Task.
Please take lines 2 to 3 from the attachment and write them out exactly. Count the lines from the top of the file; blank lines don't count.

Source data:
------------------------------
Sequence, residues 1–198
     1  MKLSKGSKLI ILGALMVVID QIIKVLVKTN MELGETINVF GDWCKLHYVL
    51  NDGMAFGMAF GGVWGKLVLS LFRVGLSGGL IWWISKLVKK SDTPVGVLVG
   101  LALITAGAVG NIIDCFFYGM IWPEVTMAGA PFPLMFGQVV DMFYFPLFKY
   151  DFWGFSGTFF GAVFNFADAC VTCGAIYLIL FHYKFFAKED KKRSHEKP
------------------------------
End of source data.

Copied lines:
     1  MKLSKGSKLI ILGALMVVID QIIKVLVKTN MELGETINVF GDWCKLHYVL
    51  NDGMAFGMAF GGVWGKLVLS LFRVGLSGGL IWWISKLVKK SDTPVGVLVG